CAMP LEATHERNECK, Afghanistan -- The Motor Transport Platoon of Task Force Belleau Wood plays an essential role in security as well as the supply lifeline of the forward operating bases near Camp Leatherneck on a day-to-day basis.
The Motor Transport Platoon, often referred to by Marines as “Motor- T,” is tasked with being ready to transport supplies, equipment and personnel as needed throughout the unit’s areas of operations in Helmand province.
This Motor-T Platoon is different, and must be almost entirely self-sufficient, said Staff Sgt. Bryan Thrift, the platoon’s assistant convoy commander.
“We run our own trucks, security and communications independently, whereas other logistics platoons operate with the combined support and coordination of other units in order to stay on mission,” said Thrift, a native of North Umberland, Va. “We [manage] everything internally that is organic to the platoon.”
The platoon transports the supplies that sustain Task Force Belleau Wood’s detachments and personnel at forward operating bases. The convoys move essentials such as food, water, fuel and ammo.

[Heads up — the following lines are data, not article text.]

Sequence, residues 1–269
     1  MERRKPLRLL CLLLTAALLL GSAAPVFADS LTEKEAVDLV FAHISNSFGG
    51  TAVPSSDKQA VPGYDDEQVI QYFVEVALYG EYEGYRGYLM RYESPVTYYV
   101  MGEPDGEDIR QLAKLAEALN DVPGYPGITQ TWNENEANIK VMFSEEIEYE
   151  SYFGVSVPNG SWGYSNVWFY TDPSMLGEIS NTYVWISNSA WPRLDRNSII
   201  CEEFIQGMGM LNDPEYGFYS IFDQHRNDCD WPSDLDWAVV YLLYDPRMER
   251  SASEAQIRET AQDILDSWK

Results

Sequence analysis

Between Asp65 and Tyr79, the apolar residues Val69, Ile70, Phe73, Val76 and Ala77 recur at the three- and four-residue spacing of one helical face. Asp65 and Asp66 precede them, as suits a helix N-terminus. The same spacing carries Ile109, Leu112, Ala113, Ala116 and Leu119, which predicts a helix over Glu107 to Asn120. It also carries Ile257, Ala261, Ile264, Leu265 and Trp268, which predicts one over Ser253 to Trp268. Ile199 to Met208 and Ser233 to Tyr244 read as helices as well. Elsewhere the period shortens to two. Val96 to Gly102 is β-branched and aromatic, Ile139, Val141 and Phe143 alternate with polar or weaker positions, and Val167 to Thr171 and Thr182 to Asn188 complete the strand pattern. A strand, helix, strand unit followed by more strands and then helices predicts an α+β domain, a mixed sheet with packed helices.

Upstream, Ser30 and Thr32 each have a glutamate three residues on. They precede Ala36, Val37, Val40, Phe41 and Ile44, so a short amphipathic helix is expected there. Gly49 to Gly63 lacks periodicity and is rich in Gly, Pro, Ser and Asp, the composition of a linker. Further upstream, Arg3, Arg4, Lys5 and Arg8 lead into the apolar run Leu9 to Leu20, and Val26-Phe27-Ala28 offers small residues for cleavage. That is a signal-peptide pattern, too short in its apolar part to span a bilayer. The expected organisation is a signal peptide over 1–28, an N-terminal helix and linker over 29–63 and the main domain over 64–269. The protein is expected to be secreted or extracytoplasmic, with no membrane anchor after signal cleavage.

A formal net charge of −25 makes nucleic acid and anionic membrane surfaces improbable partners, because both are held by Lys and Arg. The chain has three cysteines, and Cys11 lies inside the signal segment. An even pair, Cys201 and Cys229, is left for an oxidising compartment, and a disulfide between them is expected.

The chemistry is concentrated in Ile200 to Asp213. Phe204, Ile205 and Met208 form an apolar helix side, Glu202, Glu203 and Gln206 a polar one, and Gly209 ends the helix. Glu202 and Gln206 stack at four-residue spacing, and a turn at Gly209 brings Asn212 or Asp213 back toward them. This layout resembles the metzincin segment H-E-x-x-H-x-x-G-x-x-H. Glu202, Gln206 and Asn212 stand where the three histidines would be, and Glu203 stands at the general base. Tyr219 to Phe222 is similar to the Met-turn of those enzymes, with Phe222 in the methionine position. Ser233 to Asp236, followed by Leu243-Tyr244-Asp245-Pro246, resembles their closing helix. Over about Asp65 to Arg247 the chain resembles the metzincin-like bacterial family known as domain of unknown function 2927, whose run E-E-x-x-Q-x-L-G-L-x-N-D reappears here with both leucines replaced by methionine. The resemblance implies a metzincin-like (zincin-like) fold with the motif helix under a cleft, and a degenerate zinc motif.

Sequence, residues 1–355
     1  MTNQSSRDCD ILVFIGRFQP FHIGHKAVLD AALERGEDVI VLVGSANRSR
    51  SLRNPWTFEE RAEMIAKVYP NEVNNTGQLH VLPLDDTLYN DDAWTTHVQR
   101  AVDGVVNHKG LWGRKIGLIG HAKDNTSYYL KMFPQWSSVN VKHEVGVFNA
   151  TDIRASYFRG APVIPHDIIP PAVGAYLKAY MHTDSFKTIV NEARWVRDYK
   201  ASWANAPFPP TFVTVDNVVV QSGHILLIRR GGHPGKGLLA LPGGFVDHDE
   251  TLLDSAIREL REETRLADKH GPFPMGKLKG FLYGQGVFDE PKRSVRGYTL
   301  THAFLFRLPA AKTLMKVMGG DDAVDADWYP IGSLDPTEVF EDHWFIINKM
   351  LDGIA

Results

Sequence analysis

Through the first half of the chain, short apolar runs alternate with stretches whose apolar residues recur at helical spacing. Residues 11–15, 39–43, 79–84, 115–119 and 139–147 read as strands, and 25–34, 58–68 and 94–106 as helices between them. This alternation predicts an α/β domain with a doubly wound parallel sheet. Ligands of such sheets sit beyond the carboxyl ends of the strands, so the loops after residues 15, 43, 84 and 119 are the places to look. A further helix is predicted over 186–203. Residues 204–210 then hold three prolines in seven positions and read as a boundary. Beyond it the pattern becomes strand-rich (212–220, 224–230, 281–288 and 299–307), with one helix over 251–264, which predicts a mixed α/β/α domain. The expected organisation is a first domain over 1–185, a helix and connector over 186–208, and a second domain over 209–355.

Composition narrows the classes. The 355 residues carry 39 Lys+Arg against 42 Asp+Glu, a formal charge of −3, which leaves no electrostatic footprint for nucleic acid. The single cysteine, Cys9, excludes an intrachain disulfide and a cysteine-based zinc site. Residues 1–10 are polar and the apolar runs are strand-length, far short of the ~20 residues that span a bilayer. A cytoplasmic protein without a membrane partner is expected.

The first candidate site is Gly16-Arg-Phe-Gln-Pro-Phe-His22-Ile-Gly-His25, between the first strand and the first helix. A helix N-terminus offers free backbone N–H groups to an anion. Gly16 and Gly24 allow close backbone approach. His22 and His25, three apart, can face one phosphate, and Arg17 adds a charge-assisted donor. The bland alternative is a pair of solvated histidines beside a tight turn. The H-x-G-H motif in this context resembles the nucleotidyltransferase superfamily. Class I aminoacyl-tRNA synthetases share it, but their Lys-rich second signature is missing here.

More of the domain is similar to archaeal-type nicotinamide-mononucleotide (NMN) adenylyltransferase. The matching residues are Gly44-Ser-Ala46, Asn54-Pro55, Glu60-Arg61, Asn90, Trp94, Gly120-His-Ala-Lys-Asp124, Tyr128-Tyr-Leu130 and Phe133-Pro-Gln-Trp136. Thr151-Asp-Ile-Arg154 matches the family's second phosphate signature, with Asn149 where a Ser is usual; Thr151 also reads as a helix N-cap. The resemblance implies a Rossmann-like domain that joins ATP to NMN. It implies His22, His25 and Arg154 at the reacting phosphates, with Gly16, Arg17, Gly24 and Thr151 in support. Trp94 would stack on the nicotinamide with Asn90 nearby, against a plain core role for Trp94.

“You can’t go anywhere or can’t do anything; lots of things can’t happen if you don’t have motor transport [deliver],” said Thrift.
The Motor-T platoon uses a combination of cargo and Mine Resistant Ambush Protected tactical vehicles in its convoys. They pre-plan their missions to identify the least hazardous routes and potential hot spots of insurgent’s activity.
“We gather the latest Intel, analyze and plan the routes prior to going outside the wire,” said Staff Sgt David Yeingst, the platoon’s convoy commander.
“We are also involved in escorting VIPs and other operations where we do our own security foot patrols,” added Yeingst, a native of Liverpool, Pa.
The unit has also conducted searches in villages in its area of operations and found weapons caches and detained insurgents, he added.
The hazards of the area means the Marines must always practice situational awareness. Their convoys shake, rattle and roll off the beaten path in the desert between villages and fields, always on the lookout for IEDs and suspicious activity.
“We make our own path out here,” said Lance Cpl. Gary Weisgerber, a turret gunner and driver with the platoon, and a native of Pasadena, Md. “This is my first tour of duty, it’s a once in a lifetime experience.”
On the average mission the platoon encounters three to five suspicious items or potential IED’s that get reported for further investigation, Yeingst said.
While every mission is planned, sometimes the path leads to a road less traveled.